Another tool for added email security is Azure Information Protection. Azure can apply Enterprise-grade encryption to emails and documents, so that only authorised personnel are able to open it; this system also comes with a handy set of controls for email labels, so you know the different between a legitimate corporate email and an illicit one.
3: Device Security
Christmas is nearing, which means so are Christmas parties. At some point you’re likely to commandeer the aux and bring up your favourite festive tune on your device. Or maybe you’re getting a new tablet or phone, and you give it to your kids to have a play on. There’s no harm in it, so long as you’ve safeguarded against more than losing your device on the dance floor or having someone ‘accidentally’ £50 spent on Candy Crush.
EE found that around 10 million devices a year are lost with company data on them! Often in this scenario, a device can be remotely wiped to eliminate the risk of corporate data falling into the wrong hands. But then what if, like many employees, you have both corporate and personal data on your device? Cross-contamination is just one of the complications that can occur with Bring Your Own Device practices.
The biggest risk surrounding devices is having apps with different levels of security and trust on the same device. The biggest example is social media apps like Facebook and Twitter, which everyone uses and are essential marketing tools for businesses – but are inherently less secure than dedicated business apps. Take, for example, the incident where the PII of 30 million Facebook users was leaked. Using Facebook or Twitter on a company device may provide a backdoor to attaining access to a device.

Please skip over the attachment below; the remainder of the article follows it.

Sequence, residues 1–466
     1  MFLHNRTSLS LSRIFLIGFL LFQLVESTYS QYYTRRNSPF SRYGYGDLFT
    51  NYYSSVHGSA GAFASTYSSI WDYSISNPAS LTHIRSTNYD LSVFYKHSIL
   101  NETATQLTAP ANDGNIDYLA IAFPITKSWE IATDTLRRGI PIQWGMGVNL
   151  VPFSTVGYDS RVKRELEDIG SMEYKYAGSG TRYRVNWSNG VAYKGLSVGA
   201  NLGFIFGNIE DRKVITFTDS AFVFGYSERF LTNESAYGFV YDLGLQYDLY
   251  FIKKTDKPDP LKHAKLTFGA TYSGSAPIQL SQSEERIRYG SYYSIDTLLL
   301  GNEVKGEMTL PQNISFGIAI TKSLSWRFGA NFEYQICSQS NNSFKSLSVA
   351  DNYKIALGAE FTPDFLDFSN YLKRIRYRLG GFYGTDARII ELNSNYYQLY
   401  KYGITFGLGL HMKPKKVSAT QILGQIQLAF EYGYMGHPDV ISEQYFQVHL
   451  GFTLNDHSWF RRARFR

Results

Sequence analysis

This is another way in which Microsoft Azure can eliminate risks. Azure’s security researchers are constantly collecting data on attack patterns and trends to update the Azure Security Centre. It also provides evolving threat detection capabilities, identification of security vulnerabilities in your organisation, and help with applying controls to secure your security risks. Moreover, to elevate device security, Azure can work in conjunction with Microsoft Intune, using app protection policies to ensure that data from apps with different levels of trust and security don’t become mixed up. A goof example of this is stopping data from corporate apps getting saved in local device storage.